So, does Hopkins allow himself to play the what-if game of what would happen if he and GGG could have met at the top of their respective and tactically different forms?

“If I was fighting in my prime now, or if he was fighting me back then, he’d find out what ring generalship is all about,” Hopkins said. “You don’t put yourself in spots where you are vulnerable, you put the other guy in spots where he’s vulnerable. I made a living off of guys that came forward and wanted to bang. I knew how to make aggressive guys miss, and then I made them pay. GGG is going to realize what ring generalship is when he fights Canelo.”

Bold words, like statistics, are not really definitive proof of anything. If someone wants to say that Golovkin or Hopkins currently is the pugilistic version of Emmitt Smith because of their shared record, fine. But there are other middleweights who are always going to be mentioned for that figurative No. 1 all-time position, a who’s who list that includes the celebrated likes of Harry Greb, Marvelous Marvin Hagler, Carlos Monzon and Sugar Ray Robinson, among others. The outcome of a fantasy pairing of the clever Hopkins and power-punching Golovkin does make for an interesting matchup of mental poker, however, and more so when the damnable numbers get pushed into the pot.

Of Hopkins’ 20 defenses (one was a four-round no-contest against Robert Allen on Aug. 28, 1998, when Hopkins inadvertently was pushed out of the ring by referee Mills Lane and injured his ankle) were against opponents who posted a cumulative record of 620-49-29 with 454 wins by stoppage and 23 losses by knockout. Three of those title bouts were against Allen, two against Antwun Echols. Golovkin’s 20 defenses all came against different opponents – the do-over with Alvarez marks his first championship rematch – who were a collective 574-59-10 with 381 KO wins and 19 losses inside the distance. Hopkins fought seven men who either had been or would become world champions, the same number as Golovkin. And where Hopkins scored signature victories against Trinidad and De La Hoya, GGG can counter with a points nod over Daniel Jacobs and the split draw with Canelo, which many believe should have resulted in a win.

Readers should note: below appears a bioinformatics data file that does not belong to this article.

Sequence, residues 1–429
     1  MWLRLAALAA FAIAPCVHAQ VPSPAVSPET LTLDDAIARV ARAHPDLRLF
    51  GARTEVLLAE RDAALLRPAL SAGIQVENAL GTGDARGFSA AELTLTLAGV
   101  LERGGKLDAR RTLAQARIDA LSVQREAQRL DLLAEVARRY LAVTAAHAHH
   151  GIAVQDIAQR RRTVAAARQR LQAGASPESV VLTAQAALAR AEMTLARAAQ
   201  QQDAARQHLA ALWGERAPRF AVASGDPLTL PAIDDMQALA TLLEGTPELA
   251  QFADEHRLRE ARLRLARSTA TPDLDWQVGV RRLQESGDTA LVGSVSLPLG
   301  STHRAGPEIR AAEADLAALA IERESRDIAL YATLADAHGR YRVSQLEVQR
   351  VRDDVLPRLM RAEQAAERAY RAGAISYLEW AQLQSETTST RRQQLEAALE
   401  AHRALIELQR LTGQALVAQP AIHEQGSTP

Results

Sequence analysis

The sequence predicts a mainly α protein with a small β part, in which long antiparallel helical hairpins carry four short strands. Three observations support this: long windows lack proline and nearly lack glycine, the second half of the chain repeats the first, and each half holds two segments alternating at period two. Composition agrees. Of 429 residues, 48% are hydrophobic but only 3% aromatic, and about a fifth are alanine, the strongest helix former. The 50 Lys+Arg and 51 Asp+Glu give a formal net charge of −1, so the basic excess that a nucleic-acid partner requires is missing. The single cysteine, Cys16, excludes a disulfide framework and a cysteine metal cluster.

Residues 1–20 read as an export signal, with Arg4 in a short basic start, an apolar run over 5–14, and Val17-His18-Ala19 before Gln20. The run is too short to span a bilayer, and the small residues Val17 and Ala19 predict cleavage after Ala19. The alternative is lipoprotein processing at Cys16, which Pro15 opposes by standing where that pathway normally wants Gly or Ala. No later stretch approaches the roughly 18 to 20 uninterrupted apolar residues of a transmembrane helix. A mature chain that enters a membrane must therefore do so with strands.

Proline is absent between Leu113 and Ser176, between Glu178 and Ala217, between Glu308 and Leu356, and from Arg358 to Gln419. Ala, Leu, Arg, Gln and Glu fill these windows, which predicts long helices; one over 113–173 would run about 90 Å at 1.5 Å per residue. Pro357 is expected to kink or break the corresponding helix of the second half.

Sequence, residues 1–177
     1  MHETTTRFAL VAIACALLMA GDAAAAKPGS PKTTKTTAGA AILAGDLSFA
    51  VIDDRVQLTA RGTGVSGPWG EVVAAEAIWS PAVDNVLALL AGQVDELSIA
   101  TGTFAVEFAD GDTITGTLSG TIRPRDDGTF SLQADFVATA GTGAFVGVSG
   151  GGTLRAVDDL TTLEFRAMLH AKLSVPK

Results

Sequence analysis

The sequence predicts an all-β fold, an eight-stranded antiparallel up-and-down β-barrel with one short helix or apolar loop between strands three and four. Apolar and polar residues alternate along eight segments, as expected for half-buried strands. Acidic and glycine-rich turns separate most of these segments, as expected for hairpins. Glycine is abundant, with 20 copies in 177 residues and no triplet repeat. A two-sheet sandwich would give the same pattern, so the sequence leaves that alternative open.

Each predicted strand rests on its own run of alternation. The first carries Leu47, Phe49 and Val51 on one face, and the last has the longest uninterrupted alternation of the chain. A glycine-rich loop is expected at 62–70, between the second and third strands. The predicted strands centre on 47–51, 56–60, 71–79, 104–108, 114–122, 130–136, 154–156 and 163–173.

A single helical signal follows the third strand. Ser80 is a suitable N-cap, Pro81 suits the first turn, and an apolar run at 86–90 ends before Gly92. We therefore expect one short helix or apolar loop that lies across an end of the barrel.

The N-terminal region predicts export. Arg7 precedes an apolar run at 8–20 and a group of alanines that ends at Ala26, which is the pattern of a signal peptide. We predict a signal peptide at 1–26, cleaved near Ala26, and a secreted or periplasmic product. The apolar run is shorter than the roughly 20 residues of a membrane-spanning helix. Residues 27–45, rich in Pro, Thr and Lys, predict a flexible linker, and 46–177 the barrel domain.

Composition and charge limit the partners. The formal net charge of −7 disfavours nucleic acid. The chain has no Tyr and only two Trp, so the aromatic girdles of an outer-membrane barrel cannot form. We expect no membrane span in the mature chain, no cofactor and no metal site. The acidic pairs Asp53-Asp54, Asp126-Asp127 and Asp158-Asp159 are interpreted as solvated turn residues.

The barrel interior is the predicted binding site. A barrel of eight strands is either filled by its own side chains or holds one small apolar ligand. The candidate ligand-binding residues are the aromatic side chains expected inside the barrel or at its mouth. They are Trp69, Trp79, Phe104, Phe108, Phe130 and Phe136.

If Hopkins is correct that his title reign came against a generally better grade of opposition, so too might be Loeffler’s claim that Golovkin’s efforts to enhance his legacy against big-name rivals has been thwarted in part by a reluctance by some of the marquee middleweights to trade punches with one of the most devastating punchers ever to grace the division.

“There’s a lot of names in the past that we would like to have gotten in the ring, but for whatever reason they chose not to fight Gennady, whether it was Felix Sturm or Sergio Martinez or Peter Quillin,” Loeffler said. “Gennady’s definitely had kind of a blue-collar career. He was willing to fight anyone, and anywhere. Now he’s in the T-Mobile Arena against Canelo Alvarez in the biggest fight of the year. It’s definitely a legacy fight for him.

“We’ll see the best fighting the best, and that’s really what the sport is all about. It’s what Gennady’s always wanted.”